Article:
HOUSTON -- Tomás Martínez caught Wilmer Cabrera’s eye at the 2015 FIFA U-20 World Cup. Now the Argentine playmaker is an integral part of the Colombian coach’s lineup as the Houston Dynamo aim for a repeat trip to the postseason.
There wasn’t much tactical mystery to the Dynamo’s success in their first year under Cabrera, when they reached the Western Conference Championship with a devastating counterattacking style that made full use of the speedy direct running of forwards Alberth Elis, Mauro Manotas and Romell Quioto.
Second season around, the Dynamo don’t carry the same surprise factor. That’s where Martínez comes in.
The 23-year-old rose through the ranks at River Plate, joining the youth academy of the Buenos Aires club aged six and wearing the storied number 10 shirt for Argentina’s U-20s.
Following loan spells in Spain and Argentina he was signed by the Dynamo last July as a Young Designated Player from Portuguese club Braga. He’d been watched for a while by Cabrera and Matt Jordan, the Dynamo senior vice president and general manager, who sealed the transfer with long-distance phone calls during his grandmother’s hundredth birthday party.
While many in the sellout crowd at BBVA Compass Stadium last Saturday came to pay homage to Zlatan Ibrahimovic, Martinez was on LA Galaxy head coach Sigi Schmid’s mind after the Dynamo’s 3-2 win. “I think Martínez makes them more of a possession-based team,” he told reporters. “I think he helps them.”
Especially after the winter exit of Alex, last season’s team assists leader, the Dynamo are looking to Martínez for the subtleties that can unlock wary defenses and the intelligence to dictate the tempo. So far this season he has managed to contribute a goal and three assists.
“We know we have pace but everyone now is giving us a lot of space so we don’t need to rush and that is important, that he recognizes that,” Cabrera told MLSsoccer.com.
“They’re just dropping, all the teams, because they don’t want us to run behind them. OK – so we have possession and we can play. And Romell, Alberth, Mauro, they understand that it’s not like they’re going to be sprinting every time behind the line of defense. He’s always trying to find those three guys and providing balls for them so they can go and attack.”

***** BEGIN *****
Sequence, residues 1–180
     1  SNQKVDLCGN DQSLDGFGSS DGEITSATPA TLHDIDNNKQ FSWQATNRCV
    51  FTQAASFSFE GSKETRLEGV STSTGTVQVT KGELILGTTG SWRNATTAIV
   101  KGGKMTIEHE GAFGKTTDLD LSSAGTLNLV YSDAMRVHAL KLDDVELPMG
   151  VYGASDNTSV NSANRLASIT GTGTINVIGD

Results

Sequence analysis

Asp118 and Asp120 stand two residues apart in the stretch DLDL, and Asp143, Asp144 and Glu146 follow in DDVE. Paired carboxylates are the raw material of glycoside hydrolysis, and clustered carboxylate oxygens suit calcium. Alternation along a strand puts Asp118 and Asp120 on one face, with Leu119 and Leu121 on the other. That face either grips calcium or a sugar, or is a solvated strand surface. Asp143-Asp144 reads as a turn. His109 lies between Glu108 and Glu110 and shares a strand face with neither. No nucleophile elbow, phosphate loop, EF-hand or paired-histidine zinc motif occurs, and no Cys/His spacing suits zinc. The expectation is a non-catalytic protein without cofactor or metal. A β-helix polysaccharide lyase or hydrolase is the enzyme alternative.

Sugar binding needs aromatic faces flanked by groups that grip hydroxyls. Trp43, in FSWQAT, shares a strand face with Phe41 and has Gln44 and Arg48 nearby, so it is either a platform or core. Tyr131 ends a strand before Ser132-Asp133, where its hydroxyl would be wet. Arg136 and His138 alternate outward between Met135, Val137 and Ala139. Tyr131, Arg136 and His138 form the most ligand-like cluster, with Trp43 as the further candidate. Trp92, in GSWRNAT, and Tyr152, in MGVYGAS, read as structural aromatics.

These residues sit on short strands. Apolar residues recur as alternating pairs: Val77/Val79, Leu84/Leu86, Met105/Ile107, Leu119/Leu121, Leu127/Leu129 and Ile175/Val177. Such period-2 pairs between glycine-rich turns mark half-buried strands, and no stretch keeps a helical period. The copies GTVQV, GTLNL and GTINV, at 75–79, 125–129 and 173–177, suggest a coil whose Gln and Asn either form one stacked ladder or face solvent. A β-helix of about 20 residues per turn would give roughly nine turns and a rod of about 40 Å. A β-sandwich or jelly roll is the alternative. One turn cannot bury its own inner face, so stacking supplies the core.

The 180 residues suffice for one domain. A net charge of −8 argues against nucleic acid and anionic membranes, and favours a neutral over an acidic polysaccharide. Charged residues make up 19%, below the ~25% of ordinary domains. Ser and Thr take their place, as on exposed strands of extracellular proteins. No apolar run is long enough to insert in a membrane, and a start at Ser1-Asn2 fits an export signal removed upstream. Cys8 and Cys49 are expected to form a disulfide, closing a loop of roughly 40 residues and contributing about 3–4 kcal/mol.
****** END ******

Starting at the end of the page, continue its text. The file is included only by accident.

Suspended for the opening-day win over Atlanta United after picking up a red card in last year’s playoff loss to the Seattle Sounders, Martínez has started every game since, contributing one goal and three assists. He’s been quietly effective for the most part; now Cabrera wants him to grab the headlines more often and establish himself in the top rank of MLS attacking midfielders.
Compared to his first MLS season, Martínez said, “I feel more comfortable. I think that the team is playing way better than last year because we have better possession. I don’t think we have been outplayed this season. We’ve lost points due to some mistakes, and we are working to fix those.”
Also being fine-tuned is the team’s understanding of when to move the ball quickly up the field and when to be patient.
“It’s something that we are working on. There are times when we will have to make quick transitions because we have fast players, but it is also important to control the ball so that you don’t wear yourself out in the game,” Martínez said through a translator.
Manotas is Martínez’s roommate on road trips, when the pair pass the time talking about South American soccer. The Colombian striker believes his teammate and friend is improving fast.
“I think there is a big difference. Last year he was learning about this league, he didn’t know much about it, he had just studied it for a couple of months,” he said through a translator. “This year, he is wearing number 10, he has more responsibility and more confidence, and you can see that he is more comfortable on the field.”